7 Ways to Mix up the Way Kids Play
This post is sponsored by The Genius of Play.
Play is an important part of childhood development, yet in our highly electronic world children seem to be playing the old-fashioned way, sans electronics, much less. While my children love to play with each other, left to their own devices they’ll spend many hours a day on a device or watching television.
As a working, single Mom it’s easy for me to get immersed in the to-do list and allow my children all that screen time because it makes my life easier. However, I know that play has important social, emotional, and physical benefits for my children, and I’m committed to making play a priority in their lives.
Children are often creatures of habit. I know mine are. When they have free play time, they’ll play the exact same thing all afternoon and all week long. Not only does that lead to more sibling squabbling as the play of choice loses its luster, but it’s also important for kids’ development to engage in many different types of play. Sometimes all kids need is a nudge to help them mix up their play.
Today I’m sharing 7 easy ways to mix up the way your kids play.
Make time for play.
Often the biggest hindrance to children’s play is a packed schedule. Play is one of the most important aspects of childhood. Children develop necessary life skills through play. If your calendar is overflowing, pencil free play time right into the calendar.
Vary the Environment.
A change in location is often the best way to get kids to vary their play. When it’s time to play, encourage children to head to a different location than the last time. Rather than always heading to the playroom try mixing up playtime locations during free play. The kitchen table is the perfect spot for art, games, or a puzzle. The bathtub for sensory play and measuring activities. Outdoors on a pretty day is sure to get kids moving.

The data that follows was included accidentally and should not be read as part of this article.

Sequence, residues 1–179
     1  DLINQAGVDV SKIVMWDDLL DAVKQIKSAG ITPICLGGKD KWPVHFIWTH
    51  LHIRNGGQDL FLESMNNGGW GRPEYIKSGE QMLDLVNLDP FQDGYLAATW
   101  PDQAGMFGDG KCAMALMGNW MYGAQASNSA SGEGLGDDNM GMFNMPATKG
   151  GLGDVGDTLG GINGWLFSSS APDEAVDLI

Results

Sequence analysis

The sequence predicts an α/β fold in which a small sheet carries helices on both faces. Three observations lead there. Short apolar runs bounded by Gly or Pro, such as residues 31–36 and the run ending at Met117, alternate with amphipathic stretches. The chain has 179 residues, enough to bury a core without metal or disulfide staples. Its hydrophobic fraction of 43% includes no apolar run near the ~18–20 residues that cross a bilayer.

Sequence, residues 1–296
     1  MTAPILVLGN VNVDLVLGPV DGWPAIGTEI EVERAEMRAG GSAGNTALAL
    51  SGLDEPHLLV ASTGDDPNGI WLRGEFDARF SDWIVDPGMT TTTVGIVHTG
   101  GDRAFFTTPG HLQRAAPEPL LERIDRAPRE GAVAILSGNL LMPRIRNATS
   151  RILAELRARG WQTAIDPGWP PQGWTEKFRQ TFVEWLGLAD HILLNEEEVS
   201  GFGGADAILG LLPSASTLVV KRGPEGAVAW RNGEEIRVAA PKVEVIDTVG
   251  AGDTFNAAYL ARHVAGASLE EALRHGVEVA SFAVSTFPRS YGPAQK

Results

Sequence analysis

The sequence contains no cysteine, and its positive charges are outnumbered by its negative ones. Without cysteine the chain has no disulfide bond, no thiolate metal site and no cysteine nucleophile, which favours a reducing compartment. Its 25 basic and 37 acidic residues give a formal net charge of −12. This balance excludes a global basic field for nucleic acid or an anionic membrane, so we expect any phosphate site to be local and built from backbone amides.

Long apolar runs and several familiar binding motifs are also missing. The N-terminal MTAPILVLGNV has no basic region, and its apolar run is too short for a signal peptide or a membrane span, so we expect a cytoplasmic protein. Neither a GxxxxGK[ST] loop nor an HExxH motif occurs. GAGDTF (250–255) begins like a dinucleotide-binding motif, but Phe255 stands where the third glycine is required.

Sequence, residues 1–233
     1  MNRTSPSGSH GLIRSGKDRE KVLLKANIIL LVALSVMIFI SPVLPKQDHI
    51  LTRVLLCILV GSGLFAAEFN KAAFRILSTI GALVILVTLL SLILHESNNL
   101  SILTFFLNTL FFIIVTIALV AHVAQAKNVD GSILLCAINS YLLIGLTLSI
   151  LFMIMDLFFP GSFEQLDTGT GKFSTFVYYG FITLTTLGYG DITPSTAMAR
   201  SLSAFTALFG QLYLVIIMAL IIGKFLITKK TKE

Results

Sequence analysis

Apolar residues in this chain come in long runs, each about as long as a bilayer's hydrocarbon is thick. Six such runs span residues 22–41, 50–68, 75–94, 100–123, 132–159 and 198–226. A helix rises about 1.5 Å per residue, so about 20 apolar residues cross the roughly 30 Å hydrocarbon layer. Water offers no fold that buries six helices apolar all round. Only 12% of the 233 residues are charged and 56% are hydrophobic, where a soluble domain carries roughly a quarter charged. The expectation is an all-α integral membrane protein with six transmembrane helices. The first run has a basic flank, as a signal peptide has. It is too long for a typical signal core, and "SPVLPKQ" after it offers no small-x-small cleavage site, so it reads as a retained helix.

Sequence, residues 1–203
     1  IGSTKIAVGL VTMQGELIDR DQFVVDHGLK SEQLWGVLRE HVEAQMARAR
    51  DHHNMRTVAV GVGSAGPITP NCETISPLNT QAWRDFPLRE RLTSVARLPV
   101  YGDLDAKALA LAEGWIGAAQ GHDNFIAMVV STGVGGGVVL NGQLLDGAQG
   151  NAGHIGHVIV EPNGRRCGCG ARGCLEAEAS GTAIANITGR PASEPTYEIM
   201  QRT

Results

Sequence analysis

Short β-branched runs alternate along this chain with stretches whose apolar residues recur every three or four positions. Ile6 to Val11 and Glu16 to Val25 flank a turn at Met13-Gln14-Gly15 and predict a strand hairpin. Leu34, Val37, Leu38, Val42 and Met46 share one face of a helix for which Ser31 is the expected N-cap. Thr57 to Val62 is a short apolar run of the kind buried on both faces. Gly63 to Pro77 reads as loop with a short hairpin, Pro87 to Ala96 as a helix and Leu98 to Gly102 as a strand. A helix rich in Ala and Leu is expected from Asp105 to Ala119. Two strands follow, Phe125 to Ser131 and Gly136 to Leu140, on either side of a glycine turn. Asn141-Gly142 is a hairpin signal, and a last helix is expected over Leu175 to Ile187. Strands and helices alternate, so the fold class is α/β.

Vary the activity type.
Get kids moving between quiet activities and more active ones to keep play varied. When my children were all very young, I’d encourage different types of activities during each break from school work. During one break, they would play quietly individually. Another break would be for art. Other scheduled break types included outdoor time, games, or imaginative play.
Set a timer.
Setting a timer to keep kids moving through activities is a great way to vary play. Changing activity before kids get bored is key. Consider how well a kindergarten classroom runs simply by rotating centers on a schedule. This keeps kids engaged and excited about new activities. Depending on the age of your children, you might consider setting the timer from 15 to 45 minutes per activity.
Consider toy rotation or a center set up.
If your children are overwhelmed by the multitude of toy choices or if your home is small, toy rotation or centers can really aid in both organization and keeping kids engaged in varied types of play. Organize toys and activities by type such as building materials, art, and pretend play. Then keep only a few boxes from each type of toy available during playtime. Rotate the boxes once a week or so to keep kids excited about their play choices.
Make a list.
Sometimes children are simply overwhelmed by the many choices of play available. Make a list of activities by play type- imaginative, active, construction, art, etc. When your child seems overwhelmed choose a play category and give her several options from the list to choose from. Check out the great play idea lists organized by age, benefit, and prep time over at The Genius of Play.
Limit screen time.
The easiest way to keep kids playing in my home is to limit their screen time. A bored kid is a kid whose imagination begins to stretch. Schedule non-screen time free play regularly into your child’s day.
Playtime is learning time for children. Make time in a busy schedule for your children to play, knowing that play teaches children necessary life skills.
The Genius of Play is dedicated to increasing awareness of the social, emotional, and physical benefits of play. Their website is full of research on the value of play, as well as great advice to help your children learn and grow through play.
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